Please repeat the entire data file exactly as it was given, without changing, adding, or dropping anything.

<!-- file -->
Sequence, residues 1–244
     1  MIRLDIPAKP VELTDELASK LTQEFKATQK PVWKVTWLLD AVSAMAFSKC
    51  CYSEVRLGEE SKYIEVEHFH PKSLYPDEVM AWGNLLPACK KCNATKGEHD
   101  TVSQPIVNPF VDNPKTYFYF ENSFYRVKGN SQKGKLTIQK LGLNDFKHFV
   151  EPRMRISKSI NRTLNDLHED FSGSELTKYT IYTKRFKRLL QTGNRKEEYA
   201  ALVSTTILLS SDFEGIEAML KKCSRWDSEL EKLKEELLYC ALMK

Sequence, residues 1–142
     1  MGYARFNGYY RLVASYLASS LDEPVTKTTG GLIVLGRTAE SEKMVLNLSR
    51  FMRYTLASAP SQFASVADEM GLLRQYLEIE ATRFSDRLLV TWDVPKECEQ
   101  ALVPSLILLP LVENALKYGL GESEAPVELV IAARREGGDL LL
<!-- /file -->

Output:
Sequence, residues 1–244
     1  MIRLDIPAKP VELTDELASK LTQEFKATQK PVWKVTWLLD AVSAMAFSKC
    51  CYSEVRLGEE SKYIEVEHFH PKSLYPDEVM AWGNLLPACK KCNATKGEHD
   101  TVSQPIVNPF VDNPKTYFYF ENSFYRVKGN SQKGKLTIQK LGLNDFKHFV
   151  EPRMRISKSI NRTLNDLHED FSGSELTKYT IYTKRFKRLL QTGNRKEEYA
   201  ALVSTTILLS SDFEGIEAML KKCSRWDSEL EKLKEELLYC ALMK

Sequence, residues 1–142
     1  MGYARFNGYY RLVASYLASS LDEPVTKTTG GLIVLGRTAE SEKMVLNLSR
    51  FMRYTLASAP SQFASVADEM GLLRQYLEIE ATRFSDRLLV TWDVPKECEQ
   101  ALVPSLILLP LVENALKYGL GESEAPVELV IAARREGGDL LL